Tuesday, Nov 09, 2021, 16:26 Mac: Hardware

MacBook Pro 2021 With 32 GB vs. 64 GB RAM

The first M1 Macs were restricted to 8 - 16 GBs of unified memory, however, the new 14 and 16" variations of the MacBook Pro come with either 16, 32, or 64 GBs of unified memory. The new MacBook Pro comes with two processor options, the M1 Pro or M1 Max, and only the M1 Max supports 64 GBs of unified memory. The M1 Max is available in either 32 or 64 GB configurations, both of which support a memory bandwidth of up to 400GB/s. A discussion thread making the rounds on Reddit has sought to answer the question: Is there any considerable difference in the performance of the 32 vs. 64 GB configurations? In terms of general, daily usage, there obviously won't be much of a difference. Those using their Mac for simple tasks such as browsing the web, e-mail, or using other such programs would barely notice a difference between 16 and 64 GBs of unified memory.

32 vs. 64 GB – Some Numbers For Comparison
Things look a little bit different when more resource intensive applications or processes are at work, take for example the task of rendering an 8K format video. In such cases, the advantages of a max configuration MacBook Pro become more evident. For example, an 8K test was completed after 11.06 minutes on the 32 GB version of the M1 Max and in only 8.47 minutes on the 64 GB version.

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The performance differences were less drastic when it came to an Adobe Lightroom export under full RAM usage – 1 minute and 33 seconds for the 32 GB M1 Max, and with double the memory – 1 minute and 24 seconds. Final Cut Pro X was a different case entirely and both configurations required the exact same amount of time to process a 30 minute clip. In Blender, there was a 7 second time difference between the two versions (with the 64 GB variant coming out ahead) to accomplish the same task. The M1 Max w/ 32 GBs managed 28 seconds and 21 seconds for the M1 Max w/ 64 GBs. For Xcode, there was only a 1 second time difference between the two processors. 99 seconds for the 64 GB variant and 100 for the 32 GB variant.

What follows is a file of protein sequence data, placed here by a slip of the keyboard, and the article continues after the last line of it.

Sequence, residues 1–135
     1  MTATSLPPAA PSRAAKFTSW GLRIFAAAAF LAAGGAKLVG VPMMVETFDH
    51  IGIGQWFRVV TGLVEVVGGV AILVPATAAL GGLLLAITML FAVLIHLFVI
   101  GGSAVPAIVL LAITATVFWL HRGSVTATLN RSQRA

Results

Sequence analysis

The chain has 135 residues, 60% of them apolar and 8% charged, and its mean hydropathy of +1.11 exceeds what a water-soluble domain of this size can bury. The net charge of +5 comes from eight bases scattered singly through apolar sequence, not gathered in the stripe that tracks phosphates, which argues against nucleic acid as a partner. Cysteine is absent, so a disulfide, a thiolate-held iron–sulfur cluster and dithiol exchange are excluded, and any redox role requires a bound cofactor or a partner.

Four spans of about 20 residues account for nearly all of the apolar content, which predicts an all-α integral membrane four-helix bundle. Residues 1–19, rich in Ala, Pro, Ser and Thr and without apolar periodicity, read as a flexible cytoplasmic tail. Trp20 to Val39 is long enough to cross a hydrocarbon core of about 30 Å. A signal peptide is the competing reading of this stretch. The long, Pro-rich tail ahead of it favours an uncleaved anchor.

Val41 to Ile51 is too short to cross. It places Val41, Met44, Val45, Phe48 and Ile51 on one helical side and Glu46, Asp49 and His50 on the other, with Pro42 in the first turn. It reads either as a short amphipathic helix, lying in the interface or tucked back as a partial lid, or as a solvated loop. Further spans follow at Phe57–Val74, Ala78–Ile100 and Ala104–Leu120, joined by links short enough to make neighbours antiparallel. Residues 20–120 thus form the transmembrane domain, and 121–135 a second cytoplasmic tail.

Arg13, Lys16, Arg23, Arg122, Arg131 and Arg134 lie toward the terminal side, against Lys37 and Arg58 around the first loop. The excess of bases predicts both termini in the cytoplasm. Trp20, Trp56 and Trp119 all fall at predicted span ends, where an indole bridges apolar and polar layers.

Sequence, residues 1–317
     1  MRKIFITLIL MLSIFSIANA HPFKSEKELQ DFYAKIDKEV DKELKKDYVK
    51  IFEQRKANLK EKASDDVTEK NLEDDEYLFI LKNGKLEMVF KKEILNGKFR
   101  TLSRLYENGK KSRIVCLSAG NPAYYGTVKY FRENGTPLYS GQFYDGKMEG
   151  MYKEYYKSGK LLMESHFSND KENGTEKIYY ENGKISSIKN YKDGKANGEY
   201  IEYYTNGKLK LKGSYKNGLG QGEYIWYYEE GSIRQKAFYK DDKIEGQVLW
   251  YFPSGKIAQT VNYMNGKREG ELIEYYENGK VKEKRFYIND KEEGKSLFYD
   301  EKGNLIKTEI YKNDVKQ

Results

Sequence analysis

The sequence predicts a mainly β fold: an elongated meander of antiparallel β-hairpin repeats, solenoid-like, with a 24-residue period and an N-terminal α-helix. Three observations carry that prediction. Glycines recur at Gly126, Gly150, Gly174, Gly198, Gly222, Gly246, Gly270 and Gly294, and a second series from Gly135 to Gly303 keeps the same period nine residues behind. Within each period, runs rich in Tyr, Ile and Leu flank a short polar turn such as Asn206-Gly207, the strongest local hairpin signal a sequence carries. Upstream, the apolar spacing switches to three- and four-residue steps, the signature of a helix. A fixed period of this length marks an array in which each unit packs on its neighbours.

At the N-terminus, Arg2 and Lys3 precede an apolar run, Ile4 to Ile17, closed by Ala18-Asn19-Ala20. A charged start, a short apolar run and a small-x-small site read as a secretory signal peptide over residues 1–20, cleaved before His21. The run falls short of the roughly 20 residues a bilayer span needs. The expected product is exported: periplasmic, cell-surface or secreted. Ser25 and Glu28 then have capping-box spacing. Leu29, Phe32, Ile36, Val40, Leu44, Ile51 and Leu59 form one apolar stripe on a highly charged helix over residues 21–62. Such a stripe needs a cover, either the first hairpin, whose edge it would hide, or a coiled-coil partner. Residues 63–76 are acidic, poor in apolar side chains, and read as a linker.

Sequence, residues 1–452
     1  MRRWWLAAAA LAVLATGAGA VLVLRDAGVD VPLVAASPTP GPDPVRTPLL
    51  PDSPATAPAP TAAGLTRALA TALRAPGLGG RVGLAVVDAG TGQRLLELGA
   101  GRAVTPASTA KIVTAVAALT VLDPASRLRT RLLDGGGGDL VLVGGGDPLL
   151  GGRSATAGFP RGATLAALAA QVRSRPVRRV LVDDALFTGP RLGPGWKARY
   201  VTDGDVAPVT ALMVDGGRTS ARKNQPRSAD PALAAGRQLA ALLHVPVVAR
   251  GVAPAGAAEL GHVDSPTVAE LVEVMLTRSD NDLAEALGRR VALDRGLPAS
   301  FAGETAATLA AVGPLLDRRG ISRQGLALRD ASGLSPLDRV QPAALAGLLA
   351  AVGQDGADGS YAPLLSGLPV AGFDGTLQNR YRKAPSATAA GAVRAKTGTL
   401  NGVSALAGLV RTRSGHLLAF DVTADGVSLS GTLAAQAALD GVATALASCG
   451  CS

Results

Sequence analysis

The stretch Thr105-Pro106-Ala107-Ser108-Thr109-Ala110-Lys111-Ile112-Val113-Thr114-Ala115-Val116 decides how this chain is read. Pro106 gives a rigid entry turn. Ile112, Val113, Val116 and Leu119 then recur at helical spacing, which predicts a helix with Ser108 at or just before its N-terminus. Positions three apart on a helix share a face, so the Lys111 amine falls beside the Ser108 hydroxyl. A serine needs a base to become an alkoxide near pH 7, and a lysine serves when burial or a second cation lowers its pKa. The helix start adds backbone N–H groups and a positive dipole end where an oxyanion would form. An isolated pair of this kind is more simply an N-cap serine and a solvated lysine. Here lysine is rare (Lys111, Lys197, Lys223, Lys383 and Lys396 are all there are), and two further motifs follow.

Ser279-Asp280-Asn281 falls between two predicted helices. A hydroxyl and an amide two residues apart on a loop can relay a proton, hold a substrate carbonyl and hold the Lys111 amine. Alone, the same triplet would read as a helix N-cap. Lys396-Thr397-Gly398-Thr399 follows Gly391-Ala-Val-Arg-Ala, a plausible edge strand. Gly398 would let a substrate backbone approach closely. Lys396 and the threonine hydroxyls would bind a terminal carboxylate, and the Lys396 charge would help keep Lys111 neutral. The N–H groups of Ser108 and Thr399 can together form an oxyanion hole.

No Matter How Much RAM – Perceived Performance Still Excellent
In the "perceived" versus "precise" tests, there was apparently no difference in perceived performance between the two configurations. The system always remained responsive, no matter the task, and immediately responded to any input. However, anything else would be unexpected, as the M1 Macs are already difficult enough to slow down to get the infamous "beachball" (system loading cursor icon) to appear. Thus, anyone pondering whether or not 64 GBs is a sensible expansion can accept a resounding "no" as the correct answer in the vast majority of situations. It may sound a little bit safer for the feature to purchase a "high performance" variant MacBook Pro (so that future, even more demanding applications will still run problem-free), however, this really only makes sense for users active in graphics or video-editing departments.

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